Call of Duty maker has come under fire after a controversial web campaign to launch the newest title from its popular video game franchise, Call of Game: Black Ops III, described a fictional “terror attack” in Singapore.
Set in Singapore during the year 2065, Call of Duty: Black Ops III begins with a mission where players must investigate the “mysterious disappearance” of a CIA station.
Ahead of its worldwide release on November 6, games maker Activision launched a series of tweets, setting up the opening scene for a fictional attack in Singapore.
While the tweets aimed to tease fans and also introduced new characters to the game, many social media users were unimpressed at the way things were playing out on Twitter, saying the scenario was in bad taste.
The popular Call of Duty franchise has attracted its fair share of controversy since its release in 2003.
Earlier editions of the game focused on World War Two events while newer titles have been set during more recent times.
Cuban authorities expressed unhappiness over a mission in one of the games, where players could attempt to overthrow and assassinate former leader Fidel Castro.
How Call of Duty unfolded “Singapore terror attack” in September 29 tweets:
10:03: Fictional news network “Current Events Aggregate” sent out a breaking news tweet about “unconfirmed reports” of “an explosion” in Singapore’s marina, exciting some gamers on Twitter while confusing others.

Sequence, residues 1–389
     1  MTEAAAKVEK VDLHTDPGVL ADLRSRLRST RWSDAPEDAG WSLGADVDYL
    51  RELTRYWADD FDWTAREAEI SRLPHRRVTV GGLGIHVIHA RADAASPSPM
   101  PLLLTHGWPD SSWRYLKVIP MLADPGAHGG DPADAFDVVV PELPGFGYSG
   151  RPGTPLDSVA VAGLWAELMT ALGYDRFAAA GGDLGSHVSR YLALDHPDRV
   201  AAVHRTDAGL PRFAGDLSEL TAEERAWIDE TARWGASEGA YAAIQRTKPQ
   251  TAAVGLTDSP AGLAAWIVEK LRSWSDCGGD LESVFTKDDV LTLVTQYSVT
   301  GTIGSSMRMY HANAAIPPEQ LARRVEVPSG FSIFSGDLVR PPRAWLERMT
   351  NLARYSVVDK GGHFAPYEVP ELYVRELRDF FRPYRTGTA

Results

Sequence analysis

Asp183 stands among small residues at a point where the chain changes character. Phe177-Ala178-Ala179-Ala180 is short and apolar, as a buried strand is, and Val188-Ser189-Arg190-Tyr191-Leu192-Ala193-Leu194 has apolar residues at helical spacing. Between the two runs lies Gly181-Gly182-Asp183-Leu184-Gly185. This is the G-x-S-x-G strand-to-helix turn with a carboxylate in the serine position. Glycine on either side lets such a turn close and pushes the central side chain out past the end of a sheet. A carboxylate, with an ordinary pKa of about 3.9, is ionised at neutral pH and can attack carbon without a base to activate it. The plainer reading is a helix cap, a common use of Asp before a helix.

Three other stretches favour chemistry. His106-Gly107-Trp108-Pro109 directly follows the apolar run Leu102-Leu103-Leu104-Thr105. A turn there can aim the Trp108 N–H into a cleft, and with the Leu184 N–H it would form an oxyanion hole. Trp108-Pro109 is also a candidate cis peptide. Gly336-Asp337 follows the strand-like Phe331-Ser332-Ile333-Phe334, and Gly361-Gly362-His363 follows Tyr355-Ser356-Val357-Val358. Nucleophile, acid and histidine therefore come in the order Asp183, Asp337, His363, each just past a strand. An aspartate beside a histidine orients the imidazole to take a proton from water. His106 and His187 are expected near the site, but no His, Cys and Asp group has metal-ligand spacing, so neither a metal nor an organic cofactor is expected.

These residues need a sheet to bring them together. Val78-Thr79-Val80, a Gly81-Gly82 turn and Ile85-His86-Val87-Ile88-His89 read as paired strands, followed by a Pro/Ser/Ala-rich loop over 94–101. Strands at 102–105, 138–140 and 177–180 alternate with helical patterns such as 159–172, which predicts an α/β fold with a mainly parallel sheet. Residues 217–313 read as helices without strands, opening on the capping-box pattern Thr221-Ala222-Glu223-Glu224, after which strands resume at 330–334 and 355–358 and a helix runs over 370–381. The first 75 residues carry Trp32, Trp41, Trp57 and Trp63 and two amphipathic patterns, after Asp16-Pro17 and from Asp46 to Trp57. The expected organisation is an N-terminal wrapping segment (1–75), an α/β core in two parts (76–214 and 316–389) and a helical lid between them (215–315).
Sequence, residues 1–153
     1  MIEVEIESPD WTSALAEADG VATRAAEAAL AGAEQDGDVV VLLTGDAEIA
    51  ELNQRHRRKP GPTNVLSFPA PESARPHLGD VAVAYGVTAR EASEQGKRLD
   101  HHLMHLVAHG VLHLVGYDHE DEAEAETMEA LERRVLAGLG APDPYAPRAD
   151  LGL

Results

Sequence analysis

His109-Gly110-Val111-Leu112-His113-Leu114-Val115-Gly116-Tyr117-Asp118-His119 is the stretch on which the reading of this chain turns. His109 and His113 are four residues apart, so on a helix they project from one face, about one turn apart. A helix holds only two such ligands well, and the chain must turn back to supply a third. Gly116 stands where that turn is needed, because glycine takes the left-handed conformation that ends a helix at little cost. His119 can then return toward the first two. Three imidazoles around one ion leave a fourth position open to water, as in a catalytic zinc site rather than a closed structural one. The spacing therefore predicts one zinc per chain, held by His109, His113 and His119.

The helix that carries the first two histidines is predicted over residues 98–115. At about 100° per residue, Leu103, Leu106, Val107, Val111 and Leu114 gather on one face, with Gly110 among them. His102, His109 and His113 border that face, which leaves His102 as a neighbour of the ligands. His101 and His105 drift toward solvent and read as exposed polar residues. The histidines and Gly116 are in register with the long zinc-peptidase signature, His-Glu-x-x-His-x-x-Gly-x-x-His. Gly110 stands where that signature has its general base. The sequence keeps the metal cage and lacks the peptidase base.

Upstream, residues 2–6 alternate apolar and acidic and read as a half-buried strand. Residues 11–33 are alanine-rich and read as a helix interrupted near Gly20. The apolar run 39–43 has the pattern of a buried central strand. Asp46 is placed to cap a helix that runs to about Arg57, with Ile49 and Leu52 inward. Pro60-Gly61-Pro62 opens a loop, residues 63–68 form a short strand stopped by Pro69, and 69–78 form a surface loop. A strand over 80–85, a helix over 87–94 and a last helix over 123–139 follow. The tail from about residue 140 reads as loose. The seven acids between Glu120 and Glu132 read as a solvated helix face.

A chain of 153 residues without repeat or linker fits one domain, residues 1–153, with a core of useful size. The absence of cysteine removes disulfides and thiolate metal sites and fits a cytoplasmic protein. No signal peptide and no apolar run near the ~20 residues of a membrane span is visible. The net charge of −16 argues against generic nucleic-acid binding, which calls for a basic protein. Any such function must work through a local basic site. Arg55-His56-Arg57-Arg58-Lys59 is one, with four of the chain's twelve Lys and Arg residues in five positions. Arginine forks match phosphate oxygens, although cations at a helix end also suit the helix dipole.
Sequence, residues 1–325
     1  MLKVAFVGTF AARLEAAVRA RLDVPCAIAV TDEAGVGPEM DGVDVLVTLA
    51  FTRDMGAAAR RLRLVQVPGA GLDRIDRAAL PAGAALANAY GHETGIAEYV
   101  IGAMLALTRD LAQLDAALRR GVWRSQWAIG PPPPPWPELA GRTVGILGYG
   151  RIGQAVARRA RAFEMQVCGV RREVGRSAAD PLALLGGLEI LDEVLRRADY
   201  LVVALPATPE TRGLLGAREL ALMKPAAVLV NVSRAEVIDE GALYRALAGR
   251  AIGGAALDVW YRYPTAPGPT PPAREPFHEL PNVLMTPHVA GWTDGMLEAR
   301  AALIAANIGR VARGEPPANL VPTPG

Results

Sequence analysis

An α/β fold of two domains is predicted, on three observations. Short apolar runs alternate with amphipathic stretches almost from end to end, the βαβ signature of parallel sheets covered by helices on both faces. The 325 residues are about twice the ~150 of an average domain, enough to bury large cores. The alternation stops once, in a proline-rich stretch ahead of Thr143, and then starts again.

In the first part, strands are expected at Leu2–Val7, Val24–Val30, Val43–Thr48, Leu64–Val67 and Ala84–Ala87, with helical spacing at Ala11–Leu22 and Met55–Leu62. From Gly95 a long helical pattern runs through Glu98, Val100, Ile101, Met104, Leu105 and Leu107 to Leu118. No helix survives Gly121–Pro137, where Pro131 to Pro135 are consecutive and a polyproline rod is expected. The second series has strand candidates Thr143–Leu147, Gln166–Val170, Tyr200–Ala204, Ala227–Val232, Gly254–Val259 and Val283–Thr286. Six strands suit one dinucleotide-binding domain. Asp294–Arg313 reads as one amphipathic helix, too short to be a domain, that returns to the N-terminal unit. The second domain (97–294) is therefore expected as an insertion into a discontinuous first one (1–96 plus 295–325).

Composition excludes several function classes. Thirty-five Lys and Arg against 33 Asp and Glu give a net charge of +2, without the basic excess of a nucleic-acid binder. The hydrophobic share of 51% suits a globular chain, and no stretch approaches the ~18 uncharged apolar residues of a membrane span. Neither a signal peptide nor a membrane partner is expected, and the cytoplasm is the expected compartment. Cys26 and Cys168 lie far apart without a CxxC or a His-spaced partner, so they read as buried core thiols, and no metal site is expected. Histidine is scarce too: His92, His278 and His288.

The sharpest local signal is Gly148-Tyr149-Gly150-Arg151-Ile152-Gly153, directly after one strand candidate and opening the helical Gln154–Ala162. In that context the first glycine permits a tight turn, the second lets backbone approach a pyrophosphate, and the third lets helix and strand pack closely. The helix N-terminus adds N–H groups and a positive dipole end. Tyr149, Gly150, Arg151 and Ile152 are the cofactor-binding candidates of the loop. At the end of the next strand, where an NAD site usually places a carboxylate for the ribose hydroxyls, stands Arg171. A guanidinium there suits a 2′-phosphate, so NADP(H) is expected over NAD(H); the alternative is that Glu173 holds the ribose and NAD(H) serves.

10:14: “Emergency teams” began to converge on the area.
10:21: Another update followed, confirming that the explosion took place at the “Singapore Research Laboratories” facility.
10:52: Chaos ensued, causing major traffic jams around the city centre. This led to a “state of emergency” and the Singapore authorities declaring martial law.
11:44: Military drones and riot police descended upon Chinatown to control the crowds.
12:05: The “Singapore army” released a series of statements on the ground, establishing a “30-mile quarantine zone” and calling for citizens to remain in their homes.
“There have been no claims of responsibility from any terror organization,” it added in a tweet.
12:35: Fictional army commander James Chung, also declared that martial law would “remain in place” until the incident was “firmly understood”.
14:37: The series of live tweets ended with an official message: “This was a glimpse into the future fiction of #BlackOps3”